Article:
Auto insurance providers have a common list of risk (rating) factors that they analyze when calculating your car insurance premium. The main risk factors are:
- Years of driving experience
- Driving record
- Marital status
- Geographical location
- Credit history
- Geographical location
- Annual mileage
- Vehicle type
- Vehicle use
- Coverage types and limits
- Previous insurance
Why you need to compare car insurance companies
State can limit which factors are used for rating purposes. California, Hawaii and Massachusetts, for example, don’t allow insurance companies to use your credit information. Hawaii doesn’t allow driver age as a rating factor.
And not every factor has equal weight. Your ZIP code probably has more impact on your rates than, say, your gender.
In addition, not every insurance company will use every allowable rating factor, and each will weigh the ones it does use differently. That’s why the rates you see for the same driver might vary by hundreds or even thousands of dollars.
Some of the risk factors are under your control while others are not. You can’t control your age or gender. But, to some extent, you can control the following items, for better or worse:
- Driving record – the cleaner, the better
- Location – an area with lower crime and fewer claims will get you lower rates. See CarInsurance.com’s average rates calculator to see how ZIP codes near you compare.
- Marital status – marriage gets you a discount
- Credit history – poor credit or no credit can bring a surcharge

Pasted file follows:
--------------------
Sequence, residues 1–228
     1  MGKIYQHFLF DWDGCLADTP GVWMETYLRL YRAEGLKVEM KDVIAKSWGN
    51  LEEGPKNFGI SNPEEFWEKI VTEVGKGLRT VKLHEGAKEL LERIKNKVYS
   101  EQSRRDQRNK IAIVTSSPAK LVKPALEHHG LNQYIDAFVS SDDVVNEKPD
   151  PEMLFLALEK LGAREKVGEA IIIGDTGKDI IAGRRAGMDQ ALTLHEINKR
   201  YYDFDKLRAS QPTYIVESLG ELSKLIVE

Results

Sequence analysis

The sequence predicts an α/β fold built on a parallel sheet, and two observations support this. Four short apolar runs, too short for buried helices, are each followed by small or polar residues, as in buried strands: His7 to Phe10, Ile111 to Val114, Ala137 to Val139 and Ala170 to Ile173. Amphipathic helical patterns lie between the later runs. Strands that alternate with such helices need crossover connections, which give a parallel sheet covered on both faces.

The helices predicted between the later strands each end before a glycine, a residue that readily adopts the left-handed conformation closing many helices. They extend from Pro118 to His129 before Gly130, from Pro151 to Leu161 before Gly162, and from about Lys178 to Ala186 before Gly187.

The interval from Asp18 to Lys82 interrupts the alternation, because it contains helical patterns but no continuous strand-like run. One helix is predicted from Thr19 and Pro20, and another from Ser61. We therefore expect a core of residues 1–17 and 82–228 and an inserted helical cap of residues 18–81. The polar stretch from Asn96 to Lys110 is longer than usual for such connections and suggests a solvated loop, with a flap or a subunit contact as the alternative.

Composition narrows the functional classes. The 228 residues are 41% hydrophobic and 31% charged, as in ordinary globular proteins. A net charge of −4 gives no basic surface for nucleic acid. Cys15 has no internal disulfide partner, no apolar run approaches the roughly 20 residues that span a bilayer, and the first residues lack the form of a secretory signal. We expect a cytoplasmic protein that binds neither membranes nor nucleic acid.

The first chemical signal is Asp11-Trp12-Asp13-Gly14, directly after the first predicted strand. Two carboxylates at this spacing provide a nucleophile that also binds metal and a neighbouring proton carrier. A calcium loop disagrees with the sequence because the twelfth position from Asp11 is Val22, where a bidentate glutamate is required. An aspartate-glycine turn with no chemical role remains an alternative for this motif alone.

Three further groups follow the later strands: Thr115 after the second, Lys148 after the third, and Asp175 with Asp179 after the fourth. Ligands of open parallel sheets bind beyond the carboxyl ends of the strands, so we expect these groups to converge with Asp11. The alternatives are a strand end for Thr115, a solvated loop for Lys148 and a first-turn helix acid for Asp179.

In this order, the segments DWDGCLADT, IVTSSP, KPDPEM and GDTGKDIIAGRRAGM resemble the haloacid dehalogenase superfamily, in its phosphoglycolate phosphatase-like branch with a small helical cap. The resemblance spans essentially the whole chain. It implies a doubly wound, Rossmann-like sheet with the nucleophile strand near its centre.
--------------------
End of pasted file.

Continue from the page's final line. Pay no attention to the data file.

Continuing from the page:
- Vehicle – similarly priced cars may have very different rates. See Insure.com’s annual comparison of new vehicles.
- Type of use – higher mileage means more risk, and so does business use.
- Coverage types, limits and deductibles – see what drivers like you buy and what experts recommend in Insurance.com’s Auto Insurance Coverage Calculator.
- Previous insurance –a lapse in coverage typically will raise your rates
Your car insurance rates change over time
Change what you can to make yourself a low risk to car insurance companies, and you’ll receive lower car insurance rates.
If there are items you can’t change right now, such as your driving record or credit history, you can work toward improving them to bring down your rates in the future. In the meantime, compare car insurance rates at each policy renewal period to find the lowest rates possible at that time.
For most drivers, time and life events have a way of bringing down car insurance rates over time. For example, novice drivers pay a big surcharge that shrinks with each passing year. It typically disappears with 10 years’ experience. (See “7 reasons your rates drop.”)